By Sharon Watkins Lang, USASMDC/ARSTRAT Command HistorianJune 23, 2016
2016 has been a year of expansion for missile defense beginning this spring with the deployment of the Aegis Ashore in Romania. More recently the Missile Defense Agency announced the release of draft Environmental Impact Studies for three sites which could become the East Coast location for the Ground-based Midcourse Defense (GMD) system.
Just 12 years ago, on June 23, 2004, the first Ground-based Midcourse Defense booster missile, constructed in Courtland, Alabama, was flown into Eielson Air Force Base and delivered to Fort Greely, Alaska.
With the installation of the interceptor kill-vehicle, the three-stage, 54-foot missile was ready to be fielded. This new age of missile defense began in the next month, on July 22, when this first interceptor, identified as Initial Defensive Capability, or IDC-1, was lowered into its silo. Despite the lack of ceremony, the event was witnessed by media outlets from the United States, Asia and Europe.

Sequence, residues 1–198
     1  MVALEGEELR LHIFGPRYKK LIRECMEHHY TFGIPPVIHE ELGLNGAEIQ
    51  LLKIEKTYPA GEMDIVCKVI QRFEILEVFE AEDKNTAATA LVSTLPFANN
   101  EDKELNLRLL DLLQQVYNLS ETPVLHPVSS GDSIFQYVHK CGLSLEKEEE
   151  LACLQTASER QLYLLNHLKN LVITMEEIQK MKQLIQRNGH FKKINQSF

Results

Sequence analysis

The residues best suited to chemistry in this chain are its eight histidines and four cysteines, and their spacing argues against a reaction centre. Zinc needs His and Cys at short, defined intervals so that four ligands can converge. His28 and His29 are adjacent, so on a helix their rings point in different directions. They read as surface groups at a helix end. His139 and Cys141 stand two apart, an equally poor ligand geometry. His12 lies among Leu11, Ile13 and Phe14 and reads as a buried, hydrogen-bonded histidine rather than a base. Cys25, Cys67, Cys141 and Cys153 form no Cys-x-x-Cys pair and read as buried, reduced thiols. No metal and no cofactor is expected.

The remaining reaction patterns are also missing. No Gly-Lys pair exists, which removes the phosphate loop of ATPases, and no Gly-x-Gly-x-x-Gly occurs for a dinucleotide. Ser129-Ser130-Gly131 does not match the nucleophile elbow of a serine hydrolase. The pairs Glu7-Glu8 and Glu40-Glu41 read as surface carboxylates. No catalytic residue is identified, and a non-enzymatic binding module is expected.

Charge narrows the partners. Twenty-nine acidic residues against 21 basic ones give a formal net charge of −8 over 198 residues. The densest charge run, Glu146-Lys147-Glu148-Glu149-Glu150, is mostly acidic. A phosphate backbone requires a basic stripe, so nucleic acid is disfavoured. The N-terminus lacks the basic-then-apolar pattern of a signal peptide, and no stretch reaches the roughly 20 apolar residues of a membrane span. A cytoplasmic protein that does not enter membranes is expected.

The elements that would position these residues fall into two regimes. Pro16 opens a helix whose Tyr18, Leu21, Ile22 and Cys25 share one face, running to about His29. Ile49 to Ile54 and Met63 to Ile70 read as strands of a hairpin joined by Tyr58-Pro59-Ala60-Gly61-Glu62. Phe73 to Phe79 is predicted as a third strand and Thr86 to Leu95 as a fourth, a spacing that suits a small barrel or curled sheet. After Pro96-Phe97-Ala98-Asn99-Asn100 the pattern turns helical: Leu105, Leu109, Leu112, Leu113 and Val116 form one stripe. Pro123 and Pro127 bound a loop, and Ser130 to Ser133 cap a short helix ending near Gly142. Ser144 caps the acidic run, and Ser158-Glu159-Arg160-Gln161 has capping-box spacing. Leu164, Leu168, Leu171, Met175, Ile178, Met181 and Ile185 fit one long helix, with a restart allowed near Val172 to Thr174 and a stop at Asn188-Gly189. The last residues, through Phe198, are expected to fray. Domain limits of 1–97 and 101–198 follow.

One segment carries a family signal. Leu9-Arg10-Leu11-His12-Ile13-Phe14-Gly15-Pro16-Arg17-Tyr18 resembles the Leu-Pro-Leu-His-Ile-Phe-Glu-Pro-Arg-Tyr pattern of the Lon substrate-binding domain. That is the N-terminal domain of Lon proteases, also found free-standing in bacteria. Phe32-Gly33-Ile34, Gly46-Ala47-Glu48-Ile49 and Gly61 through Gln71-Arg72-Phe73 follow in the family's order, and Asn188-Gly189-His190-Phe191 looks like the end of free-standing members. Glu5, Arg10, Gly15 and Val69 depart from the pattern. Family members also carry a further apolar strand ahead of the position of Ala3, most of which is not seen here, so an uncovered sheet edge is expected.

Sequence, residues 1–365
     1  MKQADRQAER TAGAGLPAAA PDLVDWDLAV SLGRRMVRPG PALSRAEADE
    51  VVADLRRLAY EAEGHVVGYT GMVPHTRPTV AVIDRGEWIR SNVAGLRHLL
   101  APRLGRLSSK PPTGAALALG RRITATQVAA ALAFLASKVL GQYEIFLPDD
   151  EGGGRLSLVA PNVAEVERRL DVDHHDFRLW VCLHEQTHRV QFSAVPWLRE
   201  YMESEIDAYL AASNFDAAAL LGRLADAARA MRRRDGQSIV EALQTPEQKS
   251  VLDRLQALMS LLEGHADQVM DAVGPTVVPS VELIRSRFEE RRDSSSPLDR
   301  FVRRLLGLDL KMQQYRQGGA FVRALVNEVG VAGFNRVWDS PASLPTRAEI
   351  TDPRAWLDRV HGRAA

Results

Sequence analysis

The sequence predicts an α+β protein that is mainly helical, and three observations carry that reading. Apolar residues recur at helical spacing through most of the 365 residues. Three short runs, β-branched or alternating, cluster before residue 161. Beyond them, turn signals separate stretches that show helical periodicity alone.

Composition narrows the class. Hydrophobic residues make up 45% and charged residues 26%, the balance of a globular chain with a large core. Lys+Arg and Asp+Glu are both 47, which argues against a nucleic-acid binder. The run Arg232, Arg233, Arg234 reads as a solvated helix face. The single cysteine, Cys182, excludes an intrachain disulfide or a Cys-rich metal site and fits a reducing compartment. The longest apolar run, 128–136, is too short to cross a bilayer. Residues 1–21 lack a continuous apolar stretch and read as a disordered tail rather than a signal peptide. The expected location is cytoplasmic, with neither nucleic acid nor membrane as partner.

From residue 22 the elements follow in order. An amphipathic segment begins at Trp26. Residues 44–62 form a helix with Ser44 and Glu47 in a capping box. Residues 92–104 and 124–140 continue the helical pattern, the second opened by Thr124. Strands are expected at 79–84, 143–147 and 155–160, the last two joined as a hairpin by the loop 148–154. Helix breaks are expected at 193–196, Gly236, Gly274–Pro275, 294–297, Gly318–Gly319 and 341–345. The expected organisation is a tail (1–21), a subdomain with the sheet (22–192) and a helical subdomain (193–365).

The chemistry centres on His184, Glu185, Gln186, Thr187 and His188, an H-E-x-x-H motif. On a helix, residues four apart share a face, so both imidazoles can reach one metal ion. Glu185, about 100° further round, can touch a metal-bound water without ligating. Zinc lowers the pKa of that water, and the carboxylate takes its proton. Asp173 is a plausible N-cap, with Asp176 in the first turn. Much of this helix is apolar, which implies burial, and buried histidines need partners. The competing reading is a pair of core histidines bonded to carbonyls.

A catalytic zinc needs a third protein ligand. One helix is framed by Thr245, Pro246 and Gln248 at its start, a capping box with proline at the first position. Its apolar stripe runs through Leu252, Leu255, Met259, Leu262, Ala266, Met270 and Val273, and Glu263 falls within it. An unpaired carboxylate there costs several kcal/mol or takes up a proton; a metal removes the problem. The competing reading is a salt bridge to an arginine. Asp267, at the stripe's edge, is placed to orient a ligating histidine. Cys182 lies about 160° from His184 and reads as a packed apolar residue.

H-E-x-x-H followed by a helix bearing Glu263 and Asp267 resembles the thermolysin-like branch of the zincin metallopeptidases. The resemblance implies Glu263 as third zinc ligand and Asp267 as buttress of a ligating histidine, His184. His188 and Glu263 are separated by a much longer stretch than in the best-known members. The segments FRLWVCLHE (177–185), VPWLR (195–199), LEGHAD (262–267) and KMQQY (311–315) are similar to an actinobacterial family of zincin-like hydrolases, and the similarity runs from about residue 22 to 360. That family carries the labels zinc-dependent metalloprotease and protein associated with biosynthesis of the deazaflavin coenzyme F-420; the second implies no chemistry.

Maj. Gen. John Holly, program director of the GMD Joint Program Office, noted that this emplacement, "marks the end of an era where we have not been able to defend our country against long-range ballistic missile attacks.
"While this system will constitute an initial limited capability, it is a vast improvement over our current defensive posture, which is nonexistent," Holly said.
Representing the U.S. Army Space and Missile Defense Command, Col. Jeffery Horne, deputy commander for operations, observed, "This is a proud day of our joint team and a historic day for our country. Our soldiers are trained and ready to defend the Nation with the exception tools the Missile Defense Agency has worked so diligently to produce and perfect. We are looking to the future with great pride and determination."
This deployment was the first step toward meeting President George W. Bush's December 2002 directive to deliver an initial GMD capability by 2004. Of the initial 10 interceptors, six were to be deployed at Fort Greely and an additional four at Vandenberg Air Force Base, California, with an additional ten interceptors planned for fiscal year 2005.
In addition to the ground-based interceptors, these initial capabilities incorporated various features of missile defense to include sea-based interceptors, additional Patriot Advanced Capability-3 units and sensors on land, at sea and in space.